Too many lawyers and business leaders overlook one of the best tools in their toolbox. Changing the law to meet your needs can be your best bet.
One need is certainty. Knowing that the rules of engagement today will be the same tomorrow. An unsteady environment is not ideal when you’re growing your business.
To give an example, many employers in construction, manufacturing, energy and other key industries live in fear of the next OSHA inspection. Left unchecked, OSHA has boosted penalties, exceeded its regulatory authority and targeted handpicked industry sectors. And with the looming elections this fall, it’s hard to know what direction the next administration will choose.
In Virginia, a group of industry leaders I represent decided to build certainty into their relationships with regulators. At their behest, Governor Terry McAuliffe (D) worked with Republicans and Democrats to pass a law to make voluntary compliance a permanent part of OSHA in Virginia.
Governor McAuliffe is a smart man. He knows a good deal when he sees one. And this bill was a good one for business.
The McAuliffe bill made Virginia’s Voluntary Protection Program (VPP) a permanent part of its OSHA enforcement. VPP gives employers a unique opportunity to partner with regulators and their workforce to reduce accidents and injuries, boost productivity and save costs. VPP is a part of their business model.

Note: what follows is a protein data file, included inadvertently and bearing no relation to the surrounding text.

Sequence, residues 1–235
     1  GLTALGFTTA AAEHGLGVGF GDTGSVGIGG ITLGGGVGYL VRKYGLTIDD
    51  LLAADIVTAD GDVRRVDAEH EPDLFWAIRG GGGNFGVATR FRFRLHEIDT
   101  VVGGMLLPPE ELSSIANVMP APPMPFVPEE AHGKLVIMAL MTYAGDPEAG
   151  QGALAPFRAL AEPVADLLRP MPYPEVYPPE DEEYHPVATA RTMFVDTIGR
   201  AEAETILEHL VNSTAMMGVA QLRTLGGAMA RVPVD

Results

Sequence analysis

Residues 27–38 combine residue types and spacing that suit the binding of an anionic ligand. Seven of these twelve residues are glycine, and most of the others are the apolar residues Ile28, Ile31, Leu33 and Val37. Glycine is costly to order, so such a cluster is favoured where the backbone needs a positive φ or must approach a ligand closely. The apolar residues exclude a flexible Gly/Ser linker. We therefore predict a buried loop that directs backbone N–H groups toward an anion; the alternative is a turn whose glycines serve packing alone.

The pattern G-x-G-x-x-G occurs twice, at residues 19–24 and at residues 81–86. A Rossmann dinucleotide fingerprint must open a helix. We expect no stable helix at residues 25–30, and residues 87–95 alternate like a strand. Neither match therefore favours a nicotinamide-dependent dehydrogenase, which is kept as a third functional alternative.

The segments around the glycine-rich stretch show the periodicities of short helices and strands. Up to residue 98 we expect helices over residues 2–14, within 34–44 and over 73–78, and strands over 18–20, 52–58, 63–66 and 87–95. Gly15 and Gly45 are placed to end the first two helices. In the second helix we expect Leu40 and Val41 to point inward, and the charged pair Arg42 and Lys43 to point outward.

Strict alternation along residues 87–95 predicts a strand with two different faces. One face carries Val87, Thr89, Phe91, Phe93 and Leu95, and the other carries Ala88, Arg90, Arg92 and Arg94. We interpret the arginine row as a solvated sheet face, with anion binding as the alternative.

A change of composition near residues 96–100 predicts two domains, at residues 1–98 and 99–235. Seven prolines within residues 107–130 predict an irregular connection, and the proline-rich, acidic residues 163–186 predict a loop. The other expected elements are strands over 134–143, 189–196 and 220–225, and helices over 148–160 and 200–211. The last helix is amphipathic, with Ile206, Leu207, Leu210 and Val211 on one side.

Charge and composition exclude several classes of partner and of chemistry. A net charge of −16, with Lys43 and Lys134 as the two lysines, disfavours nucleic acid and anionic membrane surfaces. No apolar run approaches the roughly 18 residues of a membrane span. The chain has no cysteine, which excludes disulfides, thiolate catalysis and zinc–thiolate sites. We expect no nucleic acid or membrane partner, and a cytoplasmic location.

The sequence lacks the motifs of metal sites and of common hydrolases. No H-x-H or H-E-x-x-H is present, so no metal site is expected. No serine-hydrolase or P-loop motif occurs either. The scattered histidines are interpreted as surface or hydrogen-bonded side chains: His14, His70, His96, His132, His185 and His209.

Nothing happens in state capitols or in Washington by accident. This was no exception.
As Government Affairs Counsel, I had the pleasure of pulling together a broad array of stakeholders into a winning coalition that included the Virginia Chamber of Commerce, the Virginia Manufacturers’ Association, the American Society of Safety Engineers and the American Industrial Hygiene Association.
Now Congress is following Virginia’s lead. Last week, U.S. Senators Michael Enzi (R-WY) and Michael Bennet (D-CO) proposed similar legislation (S. 2881) on behalf of employers at 2,200 worksites nationwide. They joined Congressmen Todd Rokita (R-IN) and Gene Greene (D-TX), Congresswoman Martha Roby (R-AL) and 30 other members of the House who have proposed an identical measure in the U.S. House of Representatives (H.R. 2500). The Obama Administration proposed budgetary language to support the program.
Certainty is a key component of most business models. Smart attorneys and industry leaders know how to build that certainly by changing the law.
Courtney Malveaux is a regulatory, government affairs and employment attorney who represents employers in OSHA citations at ThompsonMcMullan, P.C. in Richmond, Virginia. An experienced litigator, he served as Virginia’s Labor Commissioner through October 2013, and as President of the National Association of Government Labor Officials. Malveaux represents industrial employers on the Virginia Safety and Health Codes Board, and serves as Counsel to the new Safety and Health Subcommittee of the Virginia Manufacturers Association. He can be reached at (804) 698-6242 or at CMalveaux@t-mlaw.com.